FIG. 19F illustrates a process 486 for providing television recommendations view 700. The television recommendations view 700 may provide recommendations via the recommendations services 466 when active (blocks 702 and 704) based upon the selected television show or series (e.g., “Glee”). When not active (blocks 706 and 708), the recommendations may be based upon the purchase history of other users based upon the selected television show or series (e.g., “Glee”). Further, when the user 451 is signed in (blocks 702 and 706), the recommendations may exclude content already purchased by the user. Otherwise, the content may be excluded based upon what is in the user's library (block 704) or not at all (block 708).

As may be appreciated by FIGS. 19A-F above, the recommendation services 466 may provide more accurate recommendations. Accordingly, FIG. 19G provides an upsell flow 720 designed to encourage the user 451 to activate the recommendation services 466. The system may determine if the recommendation services (e.g., Genius®) 466 is active (decision block 722) when the user clicks the “In the Store” tab or button. If active, the “In the Store” page may appear without providing an upsell prompt (block 724). When the recommendation services 466 are not active, a prompt 726 is provided to the user 451, asking whether the user 451 would like better recommendations. When the user 451 decides not to activate the recommendation services 466, the prompt 726 disappears and the page is refreshed (block 428). When the user 451 decides to turn on the recommendation services 466, an opt-in workflow 728 may follow and the “In the Store” page is provided without the prompt (block 730).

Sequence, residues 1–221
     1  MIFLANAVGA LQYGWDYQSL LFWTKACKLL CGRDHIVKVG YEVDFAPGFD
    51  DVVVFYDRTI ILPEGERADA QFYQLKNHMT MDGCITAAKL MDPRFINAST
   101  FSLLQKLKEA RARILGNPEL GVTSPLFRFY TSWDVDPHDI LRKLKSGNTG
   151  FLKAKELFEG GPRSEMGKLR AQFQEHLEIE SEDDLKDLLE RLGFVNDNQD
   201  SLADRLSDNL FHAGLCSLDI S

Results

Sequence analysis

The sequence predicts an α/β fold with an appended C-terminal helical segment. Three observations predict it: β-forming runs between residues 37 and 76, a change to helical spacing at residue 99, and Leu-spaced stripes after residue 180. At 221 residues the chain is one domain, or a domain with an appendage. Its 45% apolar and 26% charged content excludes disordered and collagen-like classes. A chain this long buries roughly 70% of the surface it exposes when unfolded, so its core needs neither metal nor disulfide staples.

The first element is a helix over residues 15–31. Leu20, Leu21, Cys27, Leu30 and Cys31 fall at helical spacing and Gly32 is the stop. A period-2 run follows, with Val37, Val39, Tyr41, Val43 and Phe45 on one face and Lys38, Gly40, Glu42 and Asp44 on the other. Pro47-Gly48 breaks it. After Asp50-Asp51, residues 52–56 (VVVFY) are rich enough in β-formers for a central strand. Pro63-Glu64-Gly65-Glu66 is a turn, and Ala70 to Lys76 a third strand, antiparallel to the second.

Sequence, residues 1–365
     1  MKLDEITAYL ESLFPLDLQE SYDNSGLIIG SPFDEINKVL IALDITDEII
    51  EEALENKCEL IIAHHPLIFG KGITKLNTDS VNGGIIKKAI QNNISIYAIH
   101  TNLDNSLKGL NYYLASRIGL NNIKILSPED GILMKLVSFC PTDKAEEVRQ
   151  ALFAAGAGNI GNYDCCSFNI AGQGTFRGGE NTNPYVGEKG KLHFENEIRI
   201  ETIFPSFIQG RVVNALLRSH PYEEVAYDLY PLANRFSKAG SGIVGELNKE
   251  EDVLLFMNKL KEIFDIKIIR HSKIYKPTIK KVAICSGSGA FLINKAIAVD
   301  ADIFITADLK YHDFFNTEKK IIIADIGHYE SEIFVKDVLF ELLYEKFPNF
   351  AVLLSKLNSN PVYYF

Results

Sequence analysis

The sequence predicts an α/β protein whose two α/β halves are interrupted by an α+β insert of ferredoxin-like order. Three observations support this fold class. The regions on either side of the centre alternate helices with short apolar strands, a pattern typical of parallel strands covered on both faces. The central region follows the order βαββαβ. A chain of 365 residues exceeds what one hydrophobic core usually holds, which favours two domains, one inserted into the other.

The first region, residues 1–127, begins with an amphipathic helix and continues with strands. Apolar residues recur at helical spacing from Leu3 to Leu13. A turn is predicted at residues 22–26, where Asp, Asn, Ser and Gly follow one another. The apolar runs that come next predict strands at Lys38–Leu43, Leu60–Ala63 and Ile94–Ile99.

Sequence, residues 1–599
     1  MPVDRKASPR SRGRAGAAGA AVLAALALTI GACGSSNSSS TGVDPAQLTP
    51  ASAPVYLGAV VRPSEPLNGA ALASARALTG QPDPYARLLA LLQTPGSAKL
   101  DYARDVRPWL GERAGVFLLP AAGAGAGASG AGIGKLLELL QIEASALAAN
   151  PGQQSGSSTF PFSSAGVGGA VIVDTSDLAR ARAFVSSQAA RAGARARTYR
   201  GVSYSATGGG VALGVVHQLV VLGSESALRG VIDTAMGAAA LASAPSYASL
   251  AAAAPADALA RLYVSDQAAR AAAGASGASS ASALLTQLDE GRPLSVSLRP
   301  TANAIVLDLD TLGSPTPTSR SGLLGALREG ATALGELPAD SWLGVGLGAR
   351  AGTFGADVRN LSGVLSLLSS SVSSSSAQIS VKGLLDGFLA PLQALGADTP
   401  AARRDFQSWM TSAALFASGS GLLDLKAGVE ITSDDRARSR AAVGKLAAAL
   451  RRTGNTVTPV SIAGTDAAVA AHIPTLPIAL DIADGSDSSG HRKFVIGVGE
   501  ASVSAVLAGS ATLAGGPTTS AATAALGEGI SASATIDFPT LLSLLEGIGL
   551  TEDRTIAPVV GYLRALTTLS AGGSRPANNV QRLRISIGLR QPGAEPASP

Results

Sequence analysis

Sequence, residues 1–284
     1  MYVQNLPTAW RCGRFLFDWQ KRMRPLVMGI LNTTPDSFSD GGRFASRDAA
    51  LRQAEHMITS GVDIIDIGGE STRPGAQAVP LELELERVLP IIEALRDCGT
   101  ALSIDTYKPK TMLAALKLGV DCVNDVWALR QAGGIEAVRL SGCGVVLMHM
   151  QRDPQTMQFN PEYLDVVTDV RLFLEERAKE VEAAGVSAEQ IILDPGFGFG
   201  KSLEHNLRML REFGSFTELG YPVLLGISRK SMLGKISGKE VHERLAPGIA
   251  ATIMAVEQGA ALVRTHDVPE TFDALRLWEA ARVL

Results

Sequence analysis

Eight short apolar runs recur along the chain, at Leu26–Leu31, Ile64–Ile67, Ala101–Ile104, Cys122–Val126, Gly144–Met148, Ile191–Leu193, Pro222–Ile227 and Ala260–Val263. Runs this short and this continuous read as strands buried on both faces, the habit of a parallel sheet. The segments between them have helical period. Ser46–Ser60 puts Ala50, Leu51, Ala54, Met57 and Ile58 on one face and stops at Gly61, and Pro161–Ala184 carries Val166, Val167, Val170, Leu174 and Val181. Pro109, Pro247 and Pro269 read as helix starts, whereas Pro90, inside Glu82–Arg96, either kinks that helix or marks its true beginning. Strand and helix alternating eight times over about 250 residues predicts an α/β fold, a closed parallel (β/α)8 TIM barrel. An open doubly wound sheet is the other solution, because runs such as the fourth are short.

As may be appreciated, by implementing the techniques described herein, graphical user-interfaces used in electronic devices may be greatly enhanced. For example, recommendations for content may be provided to a user in a integrated manner, matching the layout/look and feel of the GUI. This may make the recommendations seem more integral to the GUI (e.g., more integral into the GUI of a content player), thus making the GUI more appealing to the user.

The specific embodiments described above have been shown by way of example, and it should be understood that these embodiments may be susceptible to various modifications and alternative forms. It should be further understood that the claims are not intended to be limited to the particular forms disclosed, but rather to cover all modifications, equivalents, and alternatives falling within the spirit and scope of this disclosure.

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Classifications
International ClassificationG06F17/30, G06F3/0484, G06Q30/06
Cooperative ClassificationG06Q30/0643, G06Q30/0631, G06F17/30772, G06F17/30867, G06Q30/0641, G06F3/0484